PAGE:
The recording sessions
for this Jenůfa
WNO’s Spring 2003 staging. The confidence
of the resultant recording is therefore
a direct result of this, plus the advantage
of having a leading Janáček interpreter
at the helm, Sir Charles Mackerras.
The score used is the
original Brno version - the revision
for Prague smoothed out some sonorities.
A rougher cut is surely more appropriate
for a gritty tale of pregnancy outside
marriage and its grizzly repercussions.
is an acknowledged expert on Janáček
and a foremost interpreter of
his music, and his ease with the musical
language shines though every bar. Orchestral
balances are carefully considered so
that voices are not overwhelmed, yet
none of the emotionalism of the score
is underplayed. The sense of theatrical
ensemble is strong, and whatever the
strengths of individual contributions,
the sense of wholeness is what makes
this set the success it is.
Watson takes the role of Jenůfa.
The stage performances at WNO were,
sadly, Susan Chilcott’s last, and she
was forced to withdraw from this recording.
Watson is impressive. She is fully aware
of the expressive range of the part,
projecting the persona
of a young girl who is capable of real
fury (as in the confrontation with Steva,
Act 1 Scene 6). Watson is fully up to
Janáček’s not inconsiderable demands.
Josephine Barstow is the Kostelnička
(Chandos list the role preceded with
the definite article. Usually it is
listed as just ‘Kostelnička’, but
the word does actually mean ‘female
church warden’, so they are correct
to do so!). Barstow oozes confidence
- there is the aural implication of
long familiarity with this part. Try,
for example, her account of her
own experiences of co-dependant alcoholism
(CD1, track 5), or her relating of the
child’s death in Act 2 (CD 2, track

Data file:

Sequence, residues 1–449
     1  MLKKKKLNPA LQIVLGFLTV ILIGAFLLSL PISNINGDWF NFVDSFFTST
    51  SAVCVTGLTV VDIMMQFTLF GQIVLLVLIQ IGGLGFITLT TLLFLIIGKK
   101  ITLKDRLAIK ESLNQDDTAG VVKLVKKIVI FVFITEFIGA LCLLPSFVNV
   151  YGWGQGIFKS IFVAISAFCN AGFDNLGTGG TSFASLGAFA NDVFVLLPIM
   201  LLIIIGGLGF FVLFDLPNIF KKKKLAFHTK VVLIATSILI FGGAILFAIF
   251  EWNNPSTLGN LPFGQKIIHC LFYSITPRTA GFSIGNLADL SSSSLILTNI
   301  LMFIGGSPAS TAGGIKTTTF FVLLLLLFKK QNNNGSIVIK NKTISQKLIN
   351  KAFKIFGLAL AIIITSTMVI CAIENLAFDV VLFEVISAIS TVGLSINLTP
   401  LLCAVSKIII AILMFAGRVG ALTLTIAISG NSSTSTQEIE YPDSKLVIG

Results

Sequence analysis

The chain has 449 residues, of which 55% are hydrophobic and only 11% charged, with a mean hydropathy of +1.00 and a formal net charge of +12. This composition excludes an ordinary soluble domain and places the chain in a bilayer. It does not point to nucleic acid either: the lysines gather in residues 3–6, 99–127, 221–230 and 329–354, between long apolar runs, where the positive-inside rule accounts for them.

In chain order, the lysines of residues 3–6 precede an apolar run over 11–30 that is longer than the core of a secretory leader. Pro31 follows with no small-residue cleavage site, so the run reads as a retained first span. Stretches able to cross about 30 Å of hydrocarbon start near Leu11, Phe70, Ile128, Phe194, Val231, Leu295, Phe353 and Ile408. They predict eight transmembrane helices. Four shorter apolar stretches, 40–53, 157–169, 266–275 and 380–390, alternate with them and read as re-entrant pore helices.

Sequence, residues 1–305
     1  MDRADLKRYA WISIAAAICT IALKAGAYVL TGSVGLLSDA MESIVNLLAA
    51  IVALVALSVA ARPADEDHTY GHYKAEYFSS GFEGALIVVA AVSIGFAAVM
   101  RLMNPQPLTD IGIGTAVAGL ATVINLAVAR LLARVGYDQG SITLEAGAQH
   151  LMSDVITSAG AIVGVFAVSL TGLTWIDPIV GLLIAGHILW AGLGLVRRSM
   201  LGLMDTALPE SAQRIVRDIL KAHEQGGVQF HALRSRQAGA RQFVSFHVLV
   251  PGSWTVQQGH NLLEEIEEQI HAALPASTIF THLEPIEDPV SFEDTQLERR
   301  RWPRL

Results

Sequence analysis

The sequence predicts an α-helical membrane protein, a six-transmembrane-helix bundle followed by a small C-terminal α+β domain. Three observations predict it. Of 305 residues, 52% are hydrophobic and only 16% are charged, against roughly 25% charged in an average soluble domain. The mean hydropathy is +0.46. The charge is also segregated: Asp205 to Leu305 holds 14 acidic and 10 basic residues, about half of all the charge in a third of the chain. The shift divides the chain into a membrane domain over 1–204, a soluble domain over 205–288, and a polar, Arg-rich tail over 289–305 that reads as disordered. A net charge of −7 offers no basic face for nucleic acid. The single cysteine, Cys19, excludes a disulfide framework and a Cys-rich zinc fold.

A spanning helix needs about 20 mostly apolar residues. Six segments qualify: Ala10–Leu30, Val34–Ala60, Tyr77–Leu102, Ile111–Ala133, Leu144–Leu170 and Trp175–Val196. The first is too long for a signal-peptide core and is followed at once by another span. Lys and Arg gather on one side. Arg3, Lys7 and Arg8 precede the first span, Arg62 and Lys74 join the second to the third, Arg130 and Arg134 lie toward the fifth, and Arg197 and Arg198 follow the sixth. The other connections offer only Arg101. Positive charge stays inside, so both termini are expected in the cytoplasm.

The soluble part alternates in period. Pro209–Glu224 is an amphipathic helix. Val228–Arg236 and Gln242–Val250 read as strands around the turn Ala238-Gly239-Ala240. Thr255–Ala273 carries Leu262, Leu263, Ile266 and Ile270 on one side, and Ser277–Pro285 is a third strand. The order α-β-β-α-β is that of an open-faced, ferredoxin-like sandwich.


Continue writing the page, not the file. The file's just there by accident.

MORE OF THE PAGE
3). Importantly also, her voice works
well with those around it – both here
(with Grandmother Buryja, Elizabeth
towards the beginning of Act 2, with
Jenůfa herself (when Kostelnička
relates the death of the baby to Jenůfa).
Perhaps only her curse is not worthy
of the part – it is easy to imagine
it more vindictive than in the present
rich and powerful Grandmother is another
of the set’s assets. Peter Wedd’s Števa
is perhaps a little under-powered; better
(especially when he lets his voice open
out) is Nigel Robson’s Laca. Of the
smaller roles, special mention should
go to mezzo Imelda Drumm’s assumption
of the Maid, a small part that she makes
the most of; the same could be said
of soprano Rosie Hay’s Barena (a servant
at the mill). Charlotte Ellett provides
a youthful sounding Karolka; Marion
McCullogh is a clear-voiced Mayor’s
the star remains Mackerras, whose ability
to pace the scenes over a large time-span
creates the requisite dramatic canvas.
The felicities of Janáček’s scoring
emerge as if newly-minted, sometimes
inspiring delight, at others horror.
It is clear Mackerras has inspired
the orchestra of WNO to great things.
The recording enables all of the detail
to come through, crystal clear.